DON’T Be Afraid to Be Bold
No one ever wins an architecture competition by playing it safe. For each of the competitions, the participants should explore the limits of their creativity. While there will be some suggested minimum criteria, jury panels respond to those participants that are bold with their design ideas.
DO research previous winners
Every one of the previous winners and runners up of the competitions is interviewed and they speak about their experience with the competition, alongside jury panel comments on why they deserve to win. Make sure to check out their work and look at what they focused on in order to claim the prizes.
DON’T use overly technical jargon
Yes, most of the jury panel will be able to understand you if you use a lot of technical jargon, but very often there will be panel members who represent a client, an area or city board, a charity or a business. Their decision is equally valid as any other architects’ and designers on the panel, and using too much jargon could limit your chances of them understanding and appreciating all your amazing work.
DO enter more competitions, whether you win them or not
If you win a competition that’s great, but there’s nothing to prevent you from entering another one. Likewise, if you didn’t win this time, there are always new briefs and challenges to explore and new skills to learn. Learn from your experience and enter again.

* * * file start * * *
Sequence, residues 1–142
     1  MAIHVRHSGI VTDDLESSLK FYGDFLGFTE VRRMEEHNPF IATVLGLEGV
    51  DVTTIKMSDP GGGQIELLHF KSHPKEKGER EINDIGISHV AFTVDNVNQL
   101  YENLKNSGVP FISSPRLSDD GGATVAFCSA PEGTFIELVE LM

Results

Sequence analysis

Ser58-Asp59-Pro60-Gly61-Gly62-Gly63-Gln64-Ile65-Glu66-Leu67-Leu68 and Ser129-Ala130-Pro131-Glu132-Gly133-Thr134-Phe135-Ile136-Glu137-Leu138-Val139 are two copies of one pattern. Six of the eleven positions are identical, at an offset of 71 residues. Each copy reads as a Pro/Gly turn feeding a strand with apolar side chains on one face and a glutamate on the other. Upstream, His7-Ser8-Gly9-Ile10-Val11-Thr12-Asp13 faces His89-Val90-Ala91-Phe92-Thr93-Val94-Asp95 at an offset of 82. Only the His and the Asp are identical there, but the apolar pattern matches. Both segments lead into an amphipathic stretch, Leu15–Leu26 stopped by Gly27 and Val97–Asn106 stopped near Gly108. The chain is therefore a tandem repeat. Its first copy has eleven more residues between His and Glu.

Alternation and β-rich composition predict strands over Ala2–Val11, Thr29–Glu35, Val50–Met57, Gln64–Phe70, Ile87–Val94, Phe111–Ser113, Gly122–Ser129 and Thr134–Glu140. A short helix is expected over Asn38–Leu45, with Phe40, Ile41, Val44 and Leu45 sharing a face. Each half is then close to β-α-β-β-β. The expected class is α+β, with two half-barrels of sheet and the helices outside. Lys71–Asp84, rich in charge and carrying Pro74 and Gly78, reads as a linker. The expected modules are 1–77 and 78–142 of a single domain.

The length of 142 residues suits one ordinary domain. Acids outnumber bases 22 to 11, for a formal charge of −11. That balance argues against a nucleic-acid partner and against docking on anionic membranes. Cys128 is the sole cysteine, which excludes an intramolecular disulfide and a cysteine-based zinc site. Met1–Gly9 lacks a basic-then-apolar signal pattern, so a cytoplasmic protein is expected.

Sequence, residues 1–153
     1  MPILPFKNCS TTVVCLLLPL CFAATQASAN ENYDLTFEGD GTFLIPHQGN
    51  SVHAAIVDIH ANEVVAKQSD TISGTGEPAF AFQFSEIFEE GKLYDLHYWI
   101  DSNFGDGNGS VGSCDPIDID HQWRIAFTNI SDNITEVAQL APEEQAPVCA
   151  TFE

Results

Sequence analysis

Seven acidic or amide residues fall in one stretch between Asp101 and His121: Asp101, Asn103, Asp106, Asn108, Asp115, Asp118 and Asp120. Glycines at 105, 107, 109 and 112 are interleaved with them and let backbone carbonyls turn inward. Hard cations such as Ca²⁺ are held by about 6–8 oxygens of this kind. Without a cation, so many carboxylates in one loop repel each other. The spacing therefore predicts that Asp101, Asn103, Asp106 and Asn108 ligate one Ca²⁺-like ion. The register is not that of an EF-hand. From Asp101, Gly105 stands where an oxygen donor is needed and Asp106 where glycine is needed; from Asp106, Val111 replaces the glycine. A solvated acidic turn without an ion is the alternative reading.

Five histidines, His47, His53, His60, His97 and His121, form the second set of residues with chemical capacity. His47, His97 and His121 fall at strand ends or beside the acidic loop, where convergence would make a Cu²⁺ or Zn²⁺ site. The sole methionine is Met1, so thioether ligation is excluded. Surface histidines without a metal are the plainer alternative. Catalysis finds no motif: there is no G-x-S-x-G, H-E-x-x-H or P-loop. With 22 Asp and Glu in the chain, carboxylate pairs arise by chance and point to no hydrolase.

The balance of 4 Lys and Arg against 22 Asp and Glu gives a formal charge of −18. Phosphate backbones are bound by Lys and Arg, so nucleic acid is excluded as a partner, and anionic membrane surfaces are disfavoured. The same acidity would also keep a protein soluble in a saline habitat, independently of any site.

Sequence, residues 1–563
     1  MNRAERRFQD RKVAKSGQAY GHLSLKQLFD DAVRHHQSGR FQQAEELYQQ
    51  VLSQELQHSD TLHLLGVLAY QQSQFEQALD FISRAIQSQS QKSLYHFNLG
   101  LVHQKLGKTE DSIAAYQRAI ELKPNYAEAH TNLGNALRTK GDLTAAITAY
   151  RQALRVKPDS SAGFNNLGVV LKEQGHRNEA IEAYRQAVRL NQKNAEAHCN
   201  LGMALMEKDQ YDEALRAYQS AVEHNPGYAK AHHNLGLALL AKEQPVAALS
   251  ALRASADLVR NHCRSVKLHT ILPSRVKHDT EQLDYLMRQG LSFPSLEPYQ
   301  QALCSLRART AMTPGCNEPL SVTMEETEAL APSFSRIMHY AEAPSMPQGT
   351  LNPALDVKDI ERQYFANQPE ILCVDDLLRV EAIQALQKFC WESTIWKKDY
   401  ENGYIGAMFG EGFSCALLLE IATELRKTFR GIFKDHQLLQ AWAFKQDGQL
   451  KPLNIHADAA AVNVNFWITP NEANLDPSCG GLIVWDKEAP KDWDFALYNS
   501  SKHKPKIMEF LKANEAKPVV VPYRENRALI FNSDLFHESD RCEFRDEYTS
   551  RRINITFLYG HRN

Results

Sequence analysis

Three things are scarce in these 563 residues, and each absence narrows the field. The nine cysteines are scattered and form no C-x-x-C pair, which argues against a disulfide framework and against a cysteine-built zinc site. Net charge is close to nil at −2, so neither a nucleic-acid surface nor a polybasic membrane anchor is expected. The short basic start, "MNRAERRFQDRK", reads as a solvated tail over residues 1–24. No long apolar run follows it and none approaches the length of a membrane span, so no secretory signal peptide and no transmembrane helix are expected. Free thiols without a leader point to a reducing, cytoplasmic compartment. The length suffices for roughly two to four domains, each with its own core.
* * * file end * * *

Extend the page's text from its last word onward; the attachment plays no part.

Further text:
Don’t get discouraged by all our warnings of how much work a competition needs. Yes, it’s hard work but it’s also incredibly worth it. Even if you don’t win this time, don’t be discouraged from entering again.
DO show your passion for the project
Hopefully, you are entering a competition because you are passionate about the project, but at the very least you should be zealous about your design having spent weeks working on it. Prove the jury that you’re so passionate, make it clear in your reasoning and the visuals that you present.
DON’T leave the presentation board layout for the last minute
Don’t leave thinking about your presentation board for the last minute. It can be easy to get carried away working on sketches, plans, and renders, but if you take out a little time to plan how you’re going to layout your drawings and sheets, you’ll have a much clearer idea of what needs to be incorporated and what needs to be worked on.